Kearney: Halfpenny is leading the way at fullback
March 13, 2013
Leigh Halfpenny has been one of the standout players in this season's Six Nations © PA Photos
Both Kearney and Halfpenny look set to tour to Australia but following the Welshman's performances in the Six Nations, which have put him in the frame to be one of the players of the tournament, he seems to be the leading contender to start for the Lions at fullback.
Halfpenny has proved to be deadly with the boot and also picked up Man of the Match awards for his performances against France and Italy. The pair both toured with the Lions in 2009 but it was the Irishman who featured in the Tests with Kearney playing in all three.
But come 2013, events have conspired against the 2012 European player of the year, who has been playing in a team decimated by injury against opposition that have worked out it is best to keep the ball out of his hands.
"Leigh's goalkicking alone has made him the standout full-back of the Six Nations. Wales have won a huge amount of games with his kicking skills," Kearney said. "For me it's quite frustrating because receiving kicks was always a great way to get into games, get some ball and display my strengths.
"That's something I've definitely struggled with throughout this campaign. It shows a little bit as well in terms of my own touches. It's a case of trying to not get too frustrated by it and trying to find other ways to get into the game, although that hasn't been helped by the conditions we've been playing in.
"Last weekend against France was only my seventh start this season because of injury. I always think it's around six, seven or eight games that you start getting back into the run of things."
There are few more reliable full-backs than Kearney, whose displays in challenging weather conditions against England and France were exemplary, even if he was inevitably muted in attack. Saturday's clash with Italy presents a final chance to impress Warren Gatland on the international stage, but the 26-year-old believes the Kiwi will look beyond the Six Nations to inform his opinion.
"Of course it crosses your mind that this weekend is the last major stage to impress Lions selectors, but selection will have been going on throughout the last year," he said. "Although a huge amount of emphasis has been put on the Six Nations, it's not the be-all and end-all.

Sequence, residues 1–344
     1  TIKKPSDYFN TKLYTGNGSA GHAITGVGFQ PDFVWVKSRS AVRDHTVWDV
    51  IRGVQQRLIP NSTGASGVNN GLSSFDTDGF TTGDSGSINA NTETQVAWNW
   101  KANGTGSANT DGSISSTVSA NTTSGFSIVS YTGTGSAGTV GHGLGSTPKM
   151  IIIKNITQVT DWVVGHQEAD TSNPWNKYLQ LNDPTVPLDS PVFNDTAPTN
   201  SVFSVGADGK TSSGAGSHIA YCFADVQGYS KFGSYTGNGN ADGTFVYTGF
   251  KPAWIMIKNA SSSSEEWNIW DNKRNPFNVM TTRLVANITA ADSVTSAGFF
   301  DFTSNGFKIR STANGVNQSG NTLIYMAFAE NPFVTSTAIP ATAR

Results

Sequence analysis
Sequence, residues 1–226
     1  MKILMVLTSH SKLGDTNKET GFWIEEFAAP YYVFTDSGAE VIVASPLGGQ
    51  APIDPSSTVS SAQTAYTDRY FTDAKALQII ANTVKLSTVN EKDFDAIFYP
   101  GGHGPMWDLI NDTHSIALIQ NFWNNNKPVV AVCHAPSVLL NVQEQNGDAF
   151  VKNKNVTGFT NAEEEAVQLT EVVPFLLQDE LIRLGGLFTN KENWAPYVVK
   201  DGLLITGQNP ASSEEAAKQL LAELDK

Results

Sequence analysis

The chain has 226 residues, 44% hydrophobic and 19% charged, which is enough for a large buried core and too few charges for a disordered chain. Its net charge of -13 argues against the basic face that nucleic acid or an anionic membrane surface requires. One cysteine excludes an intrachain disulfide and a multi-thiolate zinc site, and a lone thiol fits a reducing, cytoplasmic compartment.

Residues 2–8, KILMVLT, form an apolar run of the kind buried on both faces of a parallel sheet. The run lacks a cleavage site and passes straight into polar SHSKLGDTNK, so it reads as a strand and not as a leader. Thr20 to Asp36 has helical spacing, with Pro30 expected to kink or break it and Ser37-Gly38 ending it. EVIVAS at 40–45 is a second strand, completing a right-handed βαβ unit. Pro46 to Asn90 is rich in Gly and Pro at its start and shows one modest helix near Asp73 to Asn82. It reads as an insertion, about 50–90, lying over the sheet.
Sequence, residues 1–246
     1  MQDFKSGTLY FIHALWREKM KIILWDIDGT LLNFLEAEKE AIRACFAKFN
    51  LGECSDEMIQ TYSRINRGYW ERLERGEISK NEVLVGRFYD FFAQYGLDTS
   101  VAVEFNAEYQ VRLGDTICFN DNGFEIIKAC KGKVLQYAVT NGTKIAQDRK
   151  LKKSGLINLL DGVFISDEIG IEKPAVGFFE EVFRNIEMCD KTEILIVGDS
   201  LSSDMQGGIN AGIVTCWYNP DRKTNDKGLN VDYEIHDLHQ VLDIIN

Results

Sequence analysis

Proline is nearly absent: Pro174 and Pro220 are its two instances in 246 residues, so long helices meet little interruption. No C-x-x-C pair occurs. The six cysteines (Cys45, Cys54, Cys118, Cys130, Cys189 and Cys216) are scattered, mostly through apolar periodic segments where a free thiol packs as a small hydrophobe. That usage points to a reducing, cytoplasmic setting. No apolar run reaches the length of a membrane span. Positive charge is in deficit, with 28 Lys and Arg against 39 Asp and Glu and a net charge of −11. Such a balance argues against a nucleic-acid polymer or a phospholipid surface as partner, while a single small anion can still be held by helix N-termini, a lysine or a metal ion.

"It's not the only shop window to stake your claim. It's important to recognise that when the team does well, individuals do well. Once you start trying to play as individuals, that's when the team suffers. Ultimately then the player will suffer."
Rob Kearney reflects on the Lions' 2009 series defeat © Getty Images
Ireland will go into the final weekend of Six Nations action looking to avoid the wooden spoon while if they win against Italy, then they could finish third in the tournament. "My message to the team going to Rome is 'win'. There's a big difference between finishing third and finishing sixth. That's a big jump there," Kearney said. "There are a lot of guys in the team who haven't really experienced what winning for their country feels like.
"Winning Six Nations games outweighs winning big Heineken Cup matches for your province enormously. We're looking to rebuild, get back on track and start competing for silverware again.
"Where we finish this year will have a huge bearing on that. It's about finishing on a high, finishing with a win and getting this team back on track. To an extent it's unfair to judge the performance of the team and management on this Six Nations.
"But when you look at the likes of the Scotland game when players just didn't finish things off, we need to be held accountable for that. Against France we produced an improved performance and played quite well, but injuries cost us a little bit at the end and that's maybe the time to allow us more leeway in terms of analysis. But we should have beaten Scotland and didn't, so that's a day when we should have been judged more harshly."
© ESPN Sports Media Ltd.
"The thirst for knowledge has seen coaches break away from the confines of rugby and look to America." Tom Hamilton on the two-way learning process
On Saturday, New Zealand face the USA in a match that has been 40 years in the making. Tom Hamilton finds the atmosphere building in Chicago
Most modern rugby players will not know the name Ray Williams but they should be eternally grateful to him, writes John Taylor
With the All Blacks playing the USA Eagles this weekend, Craig Dowd says rugby is ready to make a professional breakthrough Stateside